The Seeker is looking for alternative methods to bond specific polymeric materials together other than adhesives. These polymeric materials can be in many forms including fabrics, rubber, foams and films. The bond must be durable and offer advantages over adhesives like cost and time savings.
This Theoretical Challenge requires only a written proposal.
Dissimilar materials are often bonded together using adhesives. These usually increase the number of steps, time and cost of manufacture significantly. The Seeker would like to find alternative bonding methods for their specific polymer material applications.
This is a Theoretical Challenge that requires only a written proposal to be submitted. The Challenge award will be contingent upon theoretical evaluation of the proposal by the Seeker.
To receive an award, the Solvers will have to transfer to the Seeker their exclusive Intellectual Property (IP) rights to the solution. However, the Seeker will be willing to consider a licensing agreement for a partial award if exclusive IP cannot be transferred by the Solver.
Submissions to this Challenge must be received by 11:59 PM (US Eastern Time) on May 30, 2016.
Late submissions will not be considered.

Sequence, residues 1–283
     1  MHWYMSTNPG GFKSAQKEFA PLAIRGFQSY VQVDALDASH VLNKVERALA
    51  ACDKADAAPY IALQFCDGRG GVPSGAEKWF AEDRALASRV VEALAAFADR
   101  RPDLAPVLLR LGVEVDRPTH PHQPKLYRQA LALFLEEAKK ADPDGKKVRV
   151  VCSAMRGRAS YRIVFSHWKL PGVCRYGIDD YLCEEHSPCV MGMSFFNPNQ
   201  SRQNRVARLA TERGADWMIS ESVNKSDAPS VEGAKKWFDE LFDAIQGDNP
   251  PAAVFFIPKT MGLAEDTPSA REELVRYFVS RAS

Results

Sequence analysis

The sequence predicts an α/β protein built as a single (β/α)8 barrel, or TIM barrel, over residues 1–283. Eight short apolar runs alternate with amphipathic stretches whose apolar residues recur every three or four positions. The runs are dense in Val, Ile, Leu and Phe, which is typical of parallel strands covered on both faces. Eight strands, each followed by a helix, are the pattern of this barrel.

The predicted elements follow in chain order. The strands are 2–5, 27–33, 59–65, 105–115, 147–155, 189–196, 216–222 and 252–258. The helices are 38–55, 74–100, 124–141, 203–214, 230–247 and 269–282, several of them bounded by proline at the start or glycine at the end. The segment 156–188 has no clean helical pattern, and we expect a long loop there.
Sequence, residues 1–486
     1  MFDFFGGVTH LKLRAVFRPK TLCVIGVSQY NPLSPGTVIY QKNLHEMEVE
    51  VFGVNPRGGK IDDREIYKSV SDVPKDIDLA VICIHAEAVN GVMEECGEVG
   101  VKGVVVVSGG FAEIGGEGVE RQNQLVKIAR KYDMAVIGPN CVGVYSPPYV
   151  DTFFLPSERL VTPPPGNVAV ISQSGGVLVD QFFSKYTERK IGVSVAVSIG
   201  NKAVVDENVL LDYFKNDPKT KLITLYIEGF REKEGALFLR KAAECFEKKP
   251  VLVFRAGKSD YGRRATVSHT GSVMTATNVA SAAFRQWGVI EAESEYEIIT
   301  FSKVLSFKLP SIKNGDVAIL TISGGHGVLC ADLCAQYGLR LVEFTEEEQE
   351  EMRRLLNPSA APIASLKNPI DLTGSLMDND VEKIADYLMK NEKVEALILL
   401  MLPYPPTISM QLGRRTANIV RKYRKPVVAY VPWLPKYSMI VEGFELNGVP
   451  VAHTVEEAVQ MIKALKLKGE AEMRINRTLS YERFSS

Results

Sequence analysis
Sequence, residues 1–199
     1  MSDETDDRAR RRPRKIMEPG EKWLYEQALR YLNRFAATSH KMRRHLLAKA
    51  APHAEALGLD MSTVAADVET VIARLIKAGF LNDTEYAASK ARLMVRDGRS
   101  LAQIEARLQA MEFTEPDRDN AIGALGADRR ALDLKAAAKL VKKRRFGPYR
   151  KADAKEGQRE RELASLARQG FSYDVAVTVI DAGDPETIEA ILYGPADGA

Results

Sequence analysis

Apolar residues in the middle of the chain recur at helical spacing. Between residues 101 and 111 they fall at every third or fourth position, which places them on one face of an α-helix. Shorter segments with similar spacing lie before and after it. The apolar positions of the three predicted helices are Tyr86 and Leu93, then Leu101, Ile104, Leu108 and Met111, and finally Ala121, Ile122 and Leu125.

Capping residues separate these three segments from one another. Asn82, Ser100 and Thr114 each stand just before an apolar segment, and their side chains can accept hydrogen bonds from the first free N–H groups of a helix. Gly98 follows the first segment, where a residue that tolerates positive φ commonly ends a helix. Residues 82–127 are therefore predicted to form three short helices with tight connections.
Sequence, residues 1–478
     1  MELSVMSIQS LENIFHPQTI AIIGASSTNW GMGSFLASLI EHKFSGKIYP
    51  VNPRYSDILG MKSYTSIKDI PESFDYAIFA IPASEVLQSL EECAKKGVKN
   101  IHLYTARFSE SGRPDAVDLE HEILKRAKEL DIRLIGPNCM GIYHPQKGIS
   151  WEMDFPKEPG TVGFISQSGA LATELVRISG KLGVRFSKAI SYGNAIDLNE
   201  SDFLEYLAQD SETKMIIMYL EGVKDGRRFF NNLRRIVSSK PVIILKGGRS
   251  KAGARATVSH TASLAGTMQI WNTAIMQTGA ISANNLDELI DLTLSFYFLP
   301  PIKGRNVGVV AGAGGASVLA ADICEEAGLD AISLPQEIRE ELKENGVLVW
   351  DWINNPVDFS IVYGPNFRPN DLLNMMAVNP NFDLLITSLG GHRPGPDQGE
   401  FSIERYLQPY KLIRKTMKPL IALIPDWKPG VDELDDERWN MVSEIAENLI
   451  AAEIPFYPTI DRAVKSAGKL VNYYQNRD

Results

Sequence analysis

InnoCentive is the global innovation marketplace where creative minds solve some of the world's most important problems for cash awards up to $1 million. Commercial, governmental and humanitarian organizations engage with InnoCentive to solve problems that can impact humankind in areas ranging from the environment to medical advancements.
What is a Theoretical IP Transfer Challenge?
An InnoCentive Theoretical Challenge builds upon an idea but is not yet a proof of concept. A solution to a Theoretical Challenge will solidify the Solver's concept with detailed descriptions, specifications and requirements necessary to bringing a good idea closer to becoming an actual product or service.
This Challenge is a Theoretical-IP Transfer Challenge, meaning that Solvers must relinquish all rights to the Intellectual Property (IP) for which they are awarded. By contrast, Theoretical-Licensing means that the Seeker is requesting non-exclusive rights to use the winning solution. For these forms of a Theoretical Challenge, Solvers that do not win retain the rights to their solution after the evaluation period is complete. The Seeker retains no rights to any IP not awarded.